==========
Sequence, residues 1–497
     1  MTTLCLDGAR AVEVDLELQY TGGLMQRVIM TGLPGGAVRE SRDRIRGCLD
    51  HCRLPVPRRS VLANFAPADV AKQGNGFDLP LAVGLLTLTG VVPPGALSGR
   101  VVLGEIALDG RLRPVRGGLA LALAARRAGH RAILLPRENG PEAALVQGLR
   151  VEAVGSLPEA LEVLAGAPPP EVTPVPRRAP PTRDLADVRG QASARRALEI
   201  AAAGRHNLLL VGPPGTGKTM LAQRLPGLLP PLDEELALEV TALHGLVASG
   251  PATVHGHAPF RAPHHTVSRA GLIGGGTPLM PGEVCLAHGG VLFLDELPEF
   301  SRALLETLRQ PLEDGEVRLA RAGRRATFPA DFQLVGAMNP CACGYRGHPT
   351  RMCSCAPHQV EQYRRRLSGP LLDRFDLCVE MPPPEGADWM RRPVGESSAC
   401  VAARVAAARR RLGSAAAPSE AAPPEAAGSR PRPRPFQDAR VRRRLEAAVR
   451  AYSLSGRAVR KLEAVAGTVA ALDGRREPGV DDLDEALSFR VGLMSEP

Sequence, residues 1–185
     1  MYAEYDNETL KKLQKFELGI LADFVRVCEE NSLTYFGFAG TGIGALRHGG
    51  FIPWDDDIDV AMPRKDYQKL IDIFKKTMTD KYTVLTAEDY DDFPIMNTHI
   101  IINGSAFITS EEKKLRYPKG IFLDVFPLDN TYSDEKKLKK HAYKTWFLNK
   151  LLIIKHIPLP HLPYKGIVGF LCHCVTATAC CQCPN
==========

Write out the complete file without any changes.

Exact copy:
Sequence, residues 1–497
     1  MTTLCLDGAR AVEVDLELQY TGGLMQRVIM TGLPGGAVRE SRDRIRGCLD
    51  HCRLPVPRRS VLANFAPADV AKQGNGFDLP LAVGLLTLTG VVPPGALSGR
   101  VVLGEIALDG RLRPVRGGLA LALAARRAGH RAILLPRENG PEAALVQGLR
   151  VEAVGSLPEA LEVLAGAPPP EVTPVPRRAP PTRDLADVRG QASARRALEI
   201  AAAGRHNLLL VGPPGTGKTM LAQRLPGLLP PLDEELALEV TALHGLVASG
   251  PATVHGHAPF RAPHHTVSRA GLIGGGTPLM PGEVCLAHGG VLFLDELPEF
   301  SRALLETLRQ PLEDGEVRLA RAGRRATFPA DFQLVGAMNP CACGYRGHPT
   351  RMCSCAPHQV EQYRRRLSGP LLDRFDLCVE MPPPEGADWM RRPVGESSAC
   401  VAARVAAARR RLGSAAAPSE AAPPEAAGSR PRPRPFQDAR VRRRLEAAVR
   451  AYSLSGRAVR KLEAVAGTVA ALDGRREPGV DDLDEALSFR VGLMSEP

Sequence, residues 1–185
     1  MYAEYDNETL KKLQKFELGI LADFVRVCEE NSLTYFGFAG TGIGALRHGG
    51  FIPWDDDIDV AMPRKDYQKL IDIFKKTMTD KYTVLTAEDY DDFPIMNTHI
   101  IINGSAFITS EEKKLRYPKG IFLDVFPLDN TYSDEKKLKK HAYKTWFLNK
   151  LLIIKHIPLP HLPYKGIVGF LCHCVTATAC CQCPN